Tenants forced to forfeit rent-regulated apartments
Back in March 2020, a fire at 1560 Grand Concourse in the Bronx killed four apartment dwellers and displaced nine families. Some eighteen months later, the tenants still haven’t been able to return to their homes.
When the blaze occurred (right at the height of the COVID-19 pandemic and all the attendant shutdowns), some 140 firefighters converged at the scene. All the water they used caused ceilings to cave in, and the New York Department of Buildings (DOB) was compelled to issue a vacate order for the damaged units. The landlord, 1560 GC LLC, did not complete temporary roof repairs until October 2020—over six months later. And it wasn’t until December 2020 that the owners filed an application with DOB to fully repair the roof and the fire-damaged apartments. Those repairs reportedly remain unfinished, as of today.
Frustrated by the tardiness, the impacted tenants recently filed suit against the landlord, the property management group, Chestnut Holdings, and its executives, Jonathan Wiener and Ben Rieder. “I just want to get back into my place as soon as I can so I can give my kids somewhere that’s stable and not be bounced from place to place,” said Oneka Dunbar, one of the displaced tenants at 1560 Grand Concourse. “But Chestnut Holdings has been stalling.”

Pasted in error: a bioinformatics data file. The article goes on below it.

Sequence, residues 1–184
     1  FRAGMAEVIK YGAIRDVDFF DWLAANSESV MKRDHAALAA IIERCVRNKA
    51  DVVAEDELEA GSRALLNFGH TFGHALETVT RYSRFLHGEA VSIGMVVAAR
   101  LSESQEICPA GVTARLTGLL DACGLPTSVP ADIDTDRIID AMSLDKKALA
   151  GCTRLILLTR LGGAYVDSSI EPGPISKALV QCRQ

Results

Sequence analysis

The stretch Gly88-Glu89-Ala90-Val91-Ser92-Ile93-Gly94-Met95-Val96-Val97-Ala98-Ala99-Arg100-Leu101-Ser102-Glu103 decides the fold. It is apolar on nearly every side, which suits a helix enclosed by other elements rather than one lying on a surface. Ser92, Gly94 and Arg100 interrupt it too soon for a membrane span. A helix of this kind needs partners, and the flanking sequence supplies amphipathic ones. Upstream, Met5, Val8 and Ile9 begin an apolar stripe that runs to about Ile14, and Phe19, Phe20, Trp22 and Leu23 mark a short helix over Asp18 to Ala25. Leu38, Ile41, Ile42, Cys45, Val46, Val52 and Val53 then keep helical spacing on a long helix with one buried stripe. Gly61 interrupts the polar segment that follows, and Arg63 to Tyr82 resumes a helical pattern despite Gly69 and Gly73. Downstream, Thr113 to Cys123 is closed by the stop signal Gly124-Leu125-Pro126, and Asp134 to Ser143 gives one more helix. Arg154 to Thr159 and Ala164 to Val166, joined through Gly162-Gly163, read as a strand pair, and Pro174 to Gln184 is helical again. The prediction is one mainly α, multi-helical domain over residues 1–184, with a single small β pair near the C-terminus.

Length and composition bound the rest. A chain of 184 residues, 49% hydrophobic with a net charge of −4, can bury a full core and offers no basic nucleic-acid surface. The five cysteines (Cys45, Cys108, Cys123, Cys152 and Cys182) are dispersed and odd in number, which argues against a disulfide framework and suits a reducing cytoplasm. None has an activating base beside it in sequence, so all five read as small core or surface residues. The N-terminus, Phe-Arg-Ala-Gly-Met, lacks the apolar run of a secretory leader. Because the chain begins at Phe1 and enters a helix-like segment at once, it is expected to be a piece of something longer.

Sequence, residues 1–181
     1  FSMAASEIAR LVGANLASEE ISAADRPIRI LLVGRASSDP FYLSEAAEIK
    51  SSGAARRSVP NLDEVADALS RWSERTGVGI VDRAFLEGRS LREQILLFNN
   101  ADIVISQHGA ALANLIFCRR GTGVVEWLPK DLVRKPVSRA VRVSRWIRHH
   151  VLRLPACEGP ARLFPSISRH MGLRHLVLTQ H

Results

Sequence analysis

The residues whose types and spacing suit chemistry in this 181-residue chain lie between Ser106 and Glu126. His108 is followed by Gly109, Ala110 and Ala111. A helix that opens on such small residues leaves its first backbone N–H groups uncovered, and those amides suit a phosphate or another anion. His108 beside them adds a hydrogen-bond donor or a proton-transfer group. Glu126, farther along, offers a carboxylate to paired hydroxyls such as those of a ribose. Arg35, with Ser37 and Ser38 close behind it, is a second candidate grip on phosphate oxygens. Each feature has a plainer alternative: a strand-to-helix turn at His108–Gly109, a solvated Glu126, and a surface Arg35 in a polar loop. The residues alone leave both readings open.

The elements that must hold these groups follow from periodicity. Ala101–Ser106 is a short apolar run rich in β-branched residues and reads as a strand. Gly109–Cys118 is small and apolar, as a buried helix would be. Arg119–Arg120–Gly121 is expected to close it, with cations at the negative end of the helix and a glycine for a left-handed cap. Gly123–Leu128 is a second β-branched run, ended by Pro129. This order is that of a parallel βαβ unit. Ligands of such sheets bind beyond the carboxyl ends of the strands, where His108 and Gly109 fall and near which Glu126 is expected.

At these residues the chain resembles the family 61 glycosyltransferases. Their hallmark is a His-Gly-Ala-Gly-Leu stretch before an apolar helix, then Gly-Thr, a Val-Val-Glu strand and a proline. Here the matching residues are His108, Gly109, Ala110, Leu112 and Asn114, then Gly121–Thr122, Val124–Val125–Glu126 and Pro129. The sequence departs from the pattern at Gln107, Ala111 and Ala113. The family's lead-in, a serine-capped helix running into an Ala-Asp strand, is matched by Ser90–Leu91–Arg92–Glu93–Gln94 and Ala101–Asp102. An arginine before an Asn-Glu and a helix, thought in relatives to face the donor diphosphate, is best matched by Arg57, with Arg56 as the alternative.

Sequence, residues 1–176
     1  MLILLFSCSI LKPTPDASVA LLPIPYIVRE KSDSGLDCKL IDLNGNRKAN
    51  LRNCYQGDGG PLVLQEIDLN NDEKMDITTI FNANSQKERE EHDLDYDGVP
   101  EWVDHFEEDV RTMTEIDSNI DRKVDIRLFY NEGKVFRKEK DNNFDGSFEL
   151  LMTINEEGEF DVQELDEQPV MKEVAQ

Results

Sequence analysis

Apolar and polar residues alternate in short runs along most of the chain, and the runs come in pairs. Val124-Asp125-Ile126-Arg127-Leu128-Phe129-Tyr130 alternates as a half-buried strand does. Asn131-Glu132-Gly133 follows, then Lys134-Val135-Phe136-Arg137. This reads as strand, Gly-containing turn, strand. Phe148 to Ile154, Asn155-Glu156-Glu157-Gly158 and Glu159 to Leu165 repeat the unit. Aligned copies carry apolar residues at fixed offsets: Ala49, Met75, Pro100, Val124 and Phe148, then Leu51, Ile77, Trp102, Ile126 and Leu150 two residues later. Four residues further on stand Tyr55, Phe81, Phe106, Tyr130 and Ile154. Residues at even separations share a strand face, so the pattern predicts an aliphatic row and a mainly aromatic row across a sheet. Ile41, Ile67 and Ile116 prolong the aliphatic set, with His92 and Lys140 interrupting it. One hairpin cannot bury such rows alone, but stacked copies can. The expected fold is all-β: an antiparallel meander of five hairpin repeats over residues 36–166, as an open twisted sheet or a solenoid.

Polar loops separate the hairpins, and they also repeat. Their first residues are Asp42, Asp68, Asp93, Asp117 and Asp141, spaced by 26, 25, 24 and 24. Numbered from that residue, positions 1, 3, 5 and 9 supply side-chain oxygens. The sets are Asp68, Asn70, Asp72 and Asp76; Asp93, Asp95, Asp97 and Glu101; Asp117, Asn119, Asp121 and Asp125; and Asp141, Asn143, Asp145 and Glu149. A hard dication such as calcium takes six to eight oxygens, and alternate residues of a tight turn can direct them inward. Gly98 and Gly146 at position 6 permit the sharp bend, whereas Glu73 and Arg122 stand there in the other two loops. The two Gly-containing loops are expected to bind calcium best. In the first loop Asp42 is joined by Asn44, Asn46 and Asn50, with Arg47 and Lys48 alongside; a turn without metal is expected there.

Tenants allege that the owners have been intentionally slow to repair the damaged residences. Some 111 units in the building are rent regulated, including the nine damaged apartments. New York’s Housing Stability and Tenant Protection Act of 2019 (HSTPA) permits landlords to raise rents upon completing individual apartment improvements (IAIs), but landlords usually need the tenants’ consent. An exception to that consent rule applies, however, when a unit is unoccupied -- as is the case here. Due to the DOB’s vacate order—the landlord may be able to perform improvements and increase the rent, without first procuring the tenants’ approval.
If and when the building repairs are completed, tenants will likely face a tough choice—either pay a higher rent or forfeit their apartments. For now, displaced renters, like Dunbar, just have one thought in mind -- “I’ve just been waiting to get back into my place,” she said.